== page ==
'Bankruptcies Need to Happen': Elon Musk Sounds Off on Potential Economic Recession The billionaire took to Twitter to share his thoughts on the economy and potential of a recession.
Elon Musk is speaking out on the potential of an economic recession — and he certainly isn't holding back.
The billionaire, who is currently in the midst of a $44 billion acquisition of Twitter, was asked by one of his followers on the social media platform if he thought that the U.S. was headed towards a recession in the near future.
Musk confirmed that he did in fact believe that a recession was imminent but dubbed it a "good thing" for the workforce.
"It has been raining money on fools for too long. Some bankruptcies need to happen," the Tesla CEO wrote bluntly. "Also, all the Covid stay-at-home stuff has tricked people into thinking that you don't actually need to work hard. Rude awakening inbound!"
Yes, but this is actually a good thing. It has been raining money on fools for too long. Some bankruptcies need to happen.— Elon Musk (@elonmusk) May 27, 2022
Also, all the Covid stay-at-home stuff has tricked people into thinking that you don't actually need to work hard. Rude awakening inbound!
One of Musk's 95.3 million followers asked a follow up question about how long the billionaire expected the recession to last, to which Musk gave a surprising (and not so positive) response.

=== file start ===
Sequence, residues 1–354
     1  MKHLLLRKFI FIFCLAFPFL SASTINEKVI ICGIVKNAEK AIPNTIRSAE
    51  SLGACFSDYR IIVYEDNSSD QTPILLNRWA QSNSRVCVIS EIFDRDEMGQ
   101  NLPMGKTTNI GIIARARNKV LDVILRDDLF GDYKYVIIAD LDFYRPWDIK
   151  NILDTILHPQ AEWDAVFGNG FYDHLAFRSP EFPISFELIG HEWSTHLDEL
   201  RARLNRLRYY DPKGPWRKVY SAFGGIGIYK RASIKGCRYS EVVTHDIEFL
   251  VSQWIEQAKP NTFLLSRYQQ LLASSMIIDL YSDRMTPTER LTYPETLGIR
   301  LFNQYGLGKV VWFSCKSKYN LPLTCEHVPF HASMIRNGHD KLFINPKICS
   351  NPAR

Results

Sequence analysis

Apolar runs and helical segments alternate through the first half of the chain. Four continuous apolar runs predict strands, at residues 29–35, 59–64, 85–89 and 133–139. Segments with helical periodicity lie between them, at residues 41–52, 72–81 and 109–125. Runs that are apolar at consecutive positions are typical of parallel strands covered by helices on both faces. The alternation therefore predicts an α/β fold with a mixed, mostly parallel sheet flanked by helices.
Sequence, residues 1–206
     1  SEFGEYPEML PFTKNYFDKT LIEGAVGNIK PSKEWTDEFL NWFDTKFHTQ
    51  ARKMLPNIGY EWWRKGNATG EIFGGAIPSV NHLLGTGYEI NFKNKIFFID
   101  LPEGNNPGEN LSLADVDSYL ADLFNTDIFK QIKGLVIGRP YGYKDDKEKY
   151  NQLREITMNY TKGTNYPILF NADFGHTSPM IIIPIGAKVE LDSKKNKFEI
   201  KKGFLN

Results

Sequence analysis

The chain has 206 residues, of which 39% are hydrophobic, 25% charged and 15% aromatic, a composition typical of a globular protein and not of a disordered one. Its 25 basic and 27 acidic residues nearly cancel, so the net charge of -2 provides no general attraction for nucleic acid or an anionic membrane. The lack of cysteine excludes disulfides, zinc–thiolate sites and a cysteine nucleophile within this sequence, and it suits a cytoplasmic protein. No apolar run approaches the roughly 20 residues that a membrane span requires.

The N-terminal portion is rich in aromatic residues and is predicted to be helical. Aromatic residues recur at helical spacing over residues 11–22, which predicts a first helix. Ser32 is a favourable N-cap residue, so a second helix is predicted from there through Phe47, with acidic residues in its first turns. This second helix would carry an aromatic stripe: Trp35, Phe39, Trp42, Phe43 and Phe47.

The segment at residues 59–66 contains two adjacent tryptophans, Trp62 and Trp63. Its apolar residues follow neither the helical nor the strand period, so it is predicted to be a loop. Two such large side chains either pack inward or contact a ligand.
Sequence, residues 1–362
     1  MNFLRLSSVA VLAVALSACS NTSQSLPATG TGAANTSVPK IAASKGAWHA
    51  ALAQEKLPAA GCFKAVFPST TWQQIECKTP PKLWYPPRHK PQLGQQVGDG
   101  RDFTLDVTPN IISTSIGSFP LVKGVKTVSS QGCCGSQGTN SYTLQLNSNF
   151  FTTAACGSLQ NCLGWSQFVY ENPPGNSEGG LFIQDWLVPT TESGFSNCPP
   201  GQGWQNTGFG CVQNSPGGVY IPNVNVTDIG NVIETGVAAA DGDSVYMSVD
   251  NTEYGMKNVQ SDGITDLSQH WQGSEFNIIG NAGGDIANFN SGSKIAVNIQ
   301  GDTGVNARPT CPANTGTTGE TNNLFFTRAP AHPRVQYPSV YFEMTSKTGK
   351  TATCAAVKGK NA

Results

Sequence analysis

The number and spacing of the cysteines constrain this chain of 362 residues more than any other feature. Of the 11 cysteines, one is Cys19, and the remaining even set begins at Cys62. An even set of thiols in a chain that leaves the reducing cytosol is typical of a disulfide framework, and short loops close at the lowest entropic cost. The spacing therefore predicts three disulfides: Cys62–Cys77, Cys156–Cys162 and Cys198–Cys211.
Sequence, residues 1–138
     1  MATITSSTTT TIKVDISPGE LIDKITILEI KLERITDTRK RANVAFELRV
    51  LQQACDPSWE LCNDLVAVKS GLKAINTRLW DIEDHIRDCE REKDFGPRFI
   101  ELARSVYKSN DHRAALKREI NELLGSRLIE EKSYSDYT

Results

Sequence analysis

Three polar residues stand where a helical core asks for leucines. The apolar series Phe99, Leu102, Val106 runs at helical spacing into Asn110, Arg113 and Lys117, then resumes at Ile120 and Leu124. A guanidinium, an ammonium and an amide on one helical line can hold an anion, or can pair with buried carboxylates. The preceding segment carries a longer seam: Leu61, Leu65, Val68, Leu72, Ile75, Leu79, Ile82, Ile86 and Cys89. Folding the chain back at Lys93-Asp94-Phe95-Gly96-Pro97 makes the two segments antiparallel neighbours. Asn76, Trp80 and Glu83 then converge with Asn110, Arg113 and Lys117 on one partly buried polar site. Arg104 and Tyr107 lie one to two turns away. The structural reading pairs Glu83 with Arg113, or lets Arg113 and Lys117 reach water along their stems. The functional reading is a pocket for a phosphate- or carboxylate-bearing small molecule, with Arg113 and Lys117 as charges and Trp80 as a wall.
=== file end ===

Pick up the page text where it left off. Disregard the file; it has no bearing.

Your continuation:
"Based on past experience, about 12 to 18 months," he responded. "Companies that are inherently negative cash flow (ie value destroyers) need to die, so that they stop consuming resources."
How about that for some uplifting pre-weekend banter!
Musk stated last week that his bid to purchase Twitter was "on hold" until Twitter CEO Parag Agrawal was able to show proof to back up claims that only 5% of total Twitter users were bots and spam accounts, something Musk has been vocally adamant about fixing pending his takeover of the company.
However, per Twitter's annual shareholder meeting that took place on Wednesday, Agrawal led investors to believe that the deal was in fact proceeding, though he did not directly address the pending acquisition in further detail.
"We are working through the transaction process," the Twitter CEO said. "For regulatory and other reasons, we cannot discuss the transaction today. Even as we work toward closing this transaction, our teams and I remain focused on the important work we do every day to serve the public conversation."
Twitter was down around 30% year over year as of early Friday afternoon.